Why This MD Believes That Exercise Doesn’t “Cause” Weight Loss
Of the many myths about what will or won’t cause weight loss, functional medicine pioneer and Wellness Council member Frank Lipman, MD, says there are two—exercise and calorie counting—that are just plain busted. If you're looking to separate the facts from the claims, here’s the holistic approach he recommends instead.
One the most common misperceptions I hear from my patients is that if you just burn more calories than you consume, you'll lose weight.
That sounds simple enough, but there's a problem with the calories in-calories out model: It doesn't work. Even if you're hitting the gym regularly, if you don't address your diet, you're going to be frustrated with your results.
No matter how much you’re burning off in boot camp, what you’re eating will affect the way your body either loses or retains weight.
Why? Because the type of nutrition you're consuming makes a difference. No matter how much you're burning off in boot camp, what you're eating will affect the way your body either loses or retains weight.
All calories are not created equal, after all. Eating the same amount of broccoli compared to cookies, for instance, is going to have a vastly different effect on your metabolism. With broccoli, you're getting a nutrient-dense food (and lots of fiber, one of the keys to gut health), while cookies have very few of the vitamins and minerals your body craves. They will, however, give you a sugar high, followed by a crash—and you'll be ravenous again in no time.
I also notice many patients still coming in with the belief that "fat makes you fat," which is a myth. I repeat: Fat does not make you fat. Healthy fat is needed in the body, and actually gives foods added flavor—without it, foods are made with added sugar to please the palate. (The sweet stuff, by the way, is the major culprit for weight gain, not fat. And don't get me started on Splenda....)
Keep reading for an inside-out approach to weight loss that actually works.
Abs are made in the kitchen, not the gym
Many times I see patients who are doing a great job with their workouts, but they're not reaching their weight-loss goals. Why? Usually it's because they haven’t made the right changes in their diet. It’s estimated that 80–90 percent of weight loss is rooted in our dietary choices.
In terms of losing weight and keeping it off long-term, in my experience a Paleo Diet template tends to work best. That's because, even if you're eating a whole foods diet, you may be "carbohydrate intolerant" (something I've struggled with myself) and not know it. Plus, eating too many carbohydrates can lead to weight gain.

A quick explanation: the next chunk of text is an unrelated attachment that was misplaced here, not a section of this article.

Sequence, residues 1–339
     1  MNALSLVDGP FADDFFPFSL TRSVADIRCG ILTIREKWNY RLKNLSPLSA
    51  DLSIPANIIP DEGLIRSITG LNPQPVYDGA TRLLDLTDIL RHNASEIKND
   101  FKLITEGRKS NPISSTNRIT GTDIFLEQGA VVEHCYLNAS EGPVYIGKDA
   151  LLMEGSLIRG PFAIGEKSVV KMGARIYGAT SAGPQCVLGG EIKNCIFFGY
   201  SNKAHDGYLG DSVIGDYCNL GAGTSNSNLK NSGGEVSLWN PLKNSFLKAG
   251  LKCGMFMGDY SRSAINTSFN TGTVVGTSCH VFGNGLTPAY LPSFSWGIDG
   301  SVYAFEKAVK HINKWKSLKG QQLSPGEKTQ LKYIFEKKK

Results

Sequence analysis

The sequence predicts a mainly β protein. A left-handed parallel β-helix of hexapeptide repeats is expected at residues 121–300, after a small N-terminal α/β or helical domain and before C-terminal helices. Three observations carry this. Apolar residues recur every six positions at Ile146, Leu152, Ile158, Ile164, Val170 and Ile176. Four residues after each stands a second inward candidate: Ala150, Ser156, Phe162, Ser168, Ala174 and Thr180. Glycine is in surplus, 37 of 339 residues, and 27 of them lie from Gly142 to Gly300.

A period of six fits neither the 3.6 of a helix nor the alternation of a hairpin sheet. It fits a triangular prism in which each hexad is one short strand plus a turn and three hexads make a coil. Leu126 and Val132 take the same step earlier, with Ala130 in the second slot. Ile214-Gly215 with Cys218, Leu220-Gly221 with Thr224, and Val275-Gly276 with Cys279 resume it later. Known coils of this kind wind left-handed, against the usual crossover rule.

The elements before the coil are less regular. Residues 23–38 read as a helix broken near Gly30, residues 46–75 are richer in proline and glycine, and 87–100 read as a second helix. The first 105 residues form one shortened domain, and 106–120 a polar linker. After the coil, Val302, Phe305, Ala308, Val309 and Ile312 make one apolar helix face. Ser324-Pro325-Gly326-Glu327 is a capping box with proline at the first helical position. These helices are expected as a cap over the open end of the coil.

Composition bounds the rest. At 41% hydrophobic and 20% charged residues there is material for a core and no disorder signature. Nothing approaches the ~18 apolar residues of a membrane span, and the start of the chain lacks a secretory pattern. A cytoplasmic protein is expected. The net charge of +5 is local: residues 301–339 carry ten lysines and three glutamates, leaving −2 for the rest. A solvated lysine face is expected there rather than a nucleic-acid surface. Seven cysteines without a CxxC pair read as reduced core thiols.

Paleo Diet naturally takes a lower-carb approach as it cuts out grains and beans (two naturally carbohydrate-rich foods that digest as sugar in the body). Try to lower your intake of sweeteners (even natural forms), so that added sugars aren't still causing problems, while keeping in mind that each individual's specific carb tolerance is different. For some, high-quality dairy may be fine, as well as occasional gluten-free grains or beans, once you've lost the weight and stabilized your blood sugar. Self awareness and education is key.
And you might find that the long-term benefits of sticking with a low- to moderate-carb diet—like higher energy, less brain fog, greater performance—outweigh the costs of cutting down your intake.
The inflammation factor
Another major factor that the cutting-calories approach completely misses? Gut inflammation, which doesn't just result in gastrointestinal distress like bloating, gas, and constipation—it can also lead to weight gain. Common inflammatory foods include sugar, dairy, gluten, corn, and soy, but how your body reacts to each varies person to person. Trying an elimination diet, where you phase out these foods then slowly reintroduce them one by one, can help you learn what works best for you, and in what amounts.
One thing that's important for everyone, though, is stress. Despite great efforts in the kitchen, you can derail your weight loss simply by leading a high-anxiety lifestyle—which can result in inflammation, higher cravings for sugar (and potentially a blood sugar imbalance), and sluggish digestion.
And no matter what, remember: The "perfect diet" doesn't exist. There's an ideal way of eating for everyone, but it's up to you to try some of these techniques and fine-tune your food choices. I promise that the effort is well worth it—getting to know how your body reacts to different foods and stressors is crucial to keeping it healthy.
An internationally recognized expert in the fields of integrative and functional Medicine, Dr. Frank Lipman is the founder and director of Eleven Eleven Wellness Center in New York City and the creator of Be Well by Dr. Frank Lipman, a proprietary brand of dietary supplements, detoxifying cleanses and health coaching services and a New York Times best-selling author of The New Health Rules—Simple Changes to Achieve Whole-Body Wellness and 10 Reasons You Feel Old and Get Fat.
What should Dr. Lipman write about next? Send your questions and suggestions to email@example.com.
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